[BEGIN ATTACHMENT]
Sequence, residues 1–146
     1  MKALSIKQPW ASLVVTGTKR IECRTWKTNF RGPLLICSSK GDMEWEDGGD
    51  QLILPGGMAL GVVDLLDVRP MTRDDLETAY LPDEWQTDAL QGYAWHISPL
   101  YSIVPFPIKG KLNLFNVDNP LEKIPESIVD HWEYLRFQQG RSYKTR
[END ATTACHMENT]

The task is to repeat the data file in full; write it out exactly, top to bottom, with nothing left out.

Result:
Sequence, residues 1–146
     1  MKALSIKQPW ASLVVTGTKR IECRTWKTNF RGPLLICSSK GDMEWEDGGD
    51  QLILPGGMAL GVVDLLDVRP MTRDDLETAY LPDEWQTDAL QGYAWHISPL
   101  YSIVPFPIKG KLNLFNVDNP LEKIPESIVD HWEYLRFQQG RSYKTR